Yes, that’s right — for the first time in the lifetime of this author there is no turkey hunting in Louisiana in March. Of course, I grew up hunting in North Louisiana in the 60s and there were no turkeys to hunt in those days. LDWF was trying to restock birds in that area but for various reasons, the restocking effort was not working.
Editor’s note: This story was written in conjunction with Kenny Long.
We have a love/hate relationship with our turkey shotguns — if they knock over a big gobbler on an improbable shot, we love them and take the credit. But if the gobbler runs off after what should have been an easy kill, it’s always the gun’s fault.
When I went to work for the Louisiana Department of Wildlife and Fisheries in 1976 as a game biologist in the Florida Parishes, I quickly discovered a new species of bird to hunt — the eastern wild turkey.
A 59-year-old Chatham man was cited for turkey violations after agents with the Louisiana Department of Wildlife and Fisheries conducting surveillance allegedly watched him hunt over a baited area.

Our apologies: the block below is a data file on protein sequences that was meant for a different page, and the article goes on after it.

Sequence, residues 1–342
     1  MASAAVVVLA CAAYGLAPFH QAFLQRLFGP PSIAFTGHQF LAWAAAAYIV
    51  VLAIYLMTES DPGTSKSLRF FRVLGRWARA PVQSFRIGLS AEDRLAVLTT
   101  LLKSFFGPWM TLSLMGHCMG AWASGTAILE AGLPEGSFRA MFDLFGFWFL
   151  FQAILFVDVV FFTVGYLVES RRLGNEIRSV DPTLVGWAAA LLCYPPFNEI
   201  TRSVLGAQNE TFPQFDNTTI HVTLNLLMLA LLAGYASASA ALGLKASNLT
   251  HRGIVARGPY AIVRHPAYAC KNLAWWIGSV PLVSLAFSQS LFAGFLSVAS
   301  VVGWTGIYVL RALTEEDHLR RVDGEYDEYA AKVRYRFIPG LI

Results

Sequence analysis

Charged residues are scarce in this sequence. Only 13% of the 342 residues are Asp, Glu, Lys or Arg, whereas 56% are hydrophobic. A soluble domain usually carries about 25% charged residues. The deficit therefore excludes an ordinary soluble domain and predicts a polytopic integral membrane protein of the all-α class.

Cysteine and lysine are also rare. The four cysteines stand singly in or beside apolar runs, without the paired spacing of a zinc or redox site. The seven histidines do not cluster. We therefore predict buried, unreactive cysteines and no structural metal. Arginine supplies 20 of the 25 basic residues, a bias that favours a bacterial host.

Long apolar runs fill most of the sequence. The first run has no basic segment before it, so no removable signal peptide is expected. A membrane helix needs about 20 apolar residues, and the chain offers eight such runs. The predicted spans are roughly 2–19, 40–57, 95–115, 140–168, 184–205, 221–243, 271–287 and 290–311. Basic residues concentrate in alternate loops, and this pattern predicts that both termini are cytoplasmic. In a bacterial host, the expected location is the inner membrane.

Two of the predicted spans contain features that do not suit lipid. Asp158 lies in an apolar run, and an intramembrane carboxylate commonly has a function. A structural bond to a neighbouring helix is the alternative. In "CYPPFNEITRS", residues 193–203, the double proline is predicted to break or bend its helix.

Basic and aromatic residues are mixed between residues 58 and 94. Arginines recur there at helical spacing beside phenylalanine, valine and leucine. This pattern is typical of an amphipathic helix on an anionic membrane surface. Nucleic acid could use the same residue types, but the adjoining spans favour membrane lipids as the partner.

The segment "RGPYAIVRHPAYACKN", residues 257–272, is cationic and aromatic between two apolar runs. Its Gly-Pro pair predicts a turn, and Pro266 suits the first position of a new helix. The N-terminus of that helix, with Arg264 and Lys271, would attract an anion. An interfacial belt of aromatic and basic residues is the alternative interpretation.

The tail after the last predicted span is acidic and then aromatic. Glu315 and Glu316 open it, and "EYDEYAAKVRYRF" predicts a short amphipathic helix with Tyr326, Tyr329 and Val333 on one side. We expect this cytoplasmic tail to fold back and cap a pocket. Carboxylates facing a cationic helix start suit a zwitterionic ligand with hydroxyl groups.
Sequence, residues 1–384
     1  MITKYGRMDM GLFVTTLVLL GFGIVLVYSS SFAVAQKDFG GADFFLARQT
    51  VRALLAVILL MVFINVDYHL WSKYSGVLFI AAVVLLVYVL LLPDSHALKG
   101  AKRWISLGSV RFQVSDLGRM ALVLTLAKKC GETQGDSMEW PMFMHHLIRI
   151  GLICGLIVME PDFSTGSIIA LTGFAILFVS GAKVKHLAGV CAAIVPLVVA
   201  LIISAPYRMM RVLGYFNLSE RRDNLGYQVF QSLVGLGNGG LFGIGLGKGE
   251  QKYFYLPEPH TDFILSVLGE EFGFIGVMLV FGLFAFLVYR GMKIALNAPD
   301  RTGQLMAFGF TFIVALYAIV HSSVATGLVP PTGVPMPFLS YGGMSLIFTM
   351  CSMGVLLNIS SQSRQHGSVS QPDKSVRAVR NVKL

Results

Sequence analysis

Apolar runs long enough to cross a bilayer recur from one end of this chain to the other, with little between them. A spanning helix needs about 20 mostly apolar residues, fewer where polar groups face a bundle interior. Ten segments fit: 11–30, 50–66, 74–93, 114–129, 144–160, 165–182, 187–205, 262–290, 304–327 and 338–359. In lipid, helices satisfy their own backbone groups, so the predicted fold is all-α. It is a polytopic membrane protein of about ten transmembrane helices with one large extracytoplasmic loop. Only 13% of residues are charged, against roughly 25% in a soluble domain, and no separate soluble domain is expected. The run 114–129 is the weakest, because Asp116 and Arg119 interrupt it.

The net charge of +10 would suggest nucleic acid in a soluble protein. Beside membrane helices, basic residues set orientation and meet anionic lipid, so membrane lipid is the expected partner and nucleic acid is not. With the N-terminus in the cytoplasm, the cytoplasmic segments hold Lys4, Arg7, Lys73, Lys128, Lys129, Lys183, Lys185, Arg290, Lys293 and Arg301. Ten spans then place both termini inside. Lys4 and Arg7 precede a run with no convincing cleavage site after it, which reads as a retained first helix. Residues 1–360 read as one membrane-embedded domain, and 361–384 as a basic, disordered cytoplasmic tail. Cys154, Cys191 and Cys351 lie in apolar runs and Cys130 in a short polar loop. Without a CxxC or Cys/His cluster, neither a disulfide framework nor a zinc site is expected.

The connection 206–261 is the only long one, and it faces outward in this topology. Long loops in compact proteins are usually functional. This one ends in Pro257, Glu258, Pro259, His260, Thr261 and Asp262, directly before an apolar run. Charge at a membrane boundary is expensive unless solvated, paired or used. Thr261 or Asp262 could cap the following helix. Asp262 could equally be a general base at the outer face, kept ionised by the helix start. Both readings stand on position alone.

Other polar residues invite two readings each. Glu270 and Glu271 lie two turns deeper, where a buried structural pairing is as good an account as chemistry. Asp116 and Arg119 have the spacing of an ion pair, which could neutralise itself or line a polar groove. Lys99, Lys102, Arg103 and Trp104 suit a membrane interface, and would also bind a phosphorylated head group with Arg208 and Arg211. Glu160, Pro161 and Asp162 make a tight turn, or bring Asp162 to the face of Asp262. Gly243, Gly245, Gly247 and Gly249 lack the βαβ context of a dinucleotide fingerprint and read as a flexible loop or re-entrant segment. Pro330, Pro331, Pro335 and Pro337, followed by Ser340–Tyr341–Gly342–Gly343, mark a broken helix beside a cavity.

The smoky haze billowing from the Atchafalaya River’s surface was the only motion on an otherwise still morning in early April.
No waves or rogue currents. No wind to nudge the trees and strands of Spanish moss from their branches.
Louisiana’s spring gobbler season began on March 25 in all three areas, and the youth and physically challenged hunt weekend was March 18-19.
Hunting in Area A will extend to April 23. Area B will wrap up on April 16 and Area C on April 9.
Years ago, my dad took me on a trip to look for hunting land in the mountains of West Virginia, and on one piece of property, the landowner pulled out an old cigar box to convince us how good the hunting was on the property.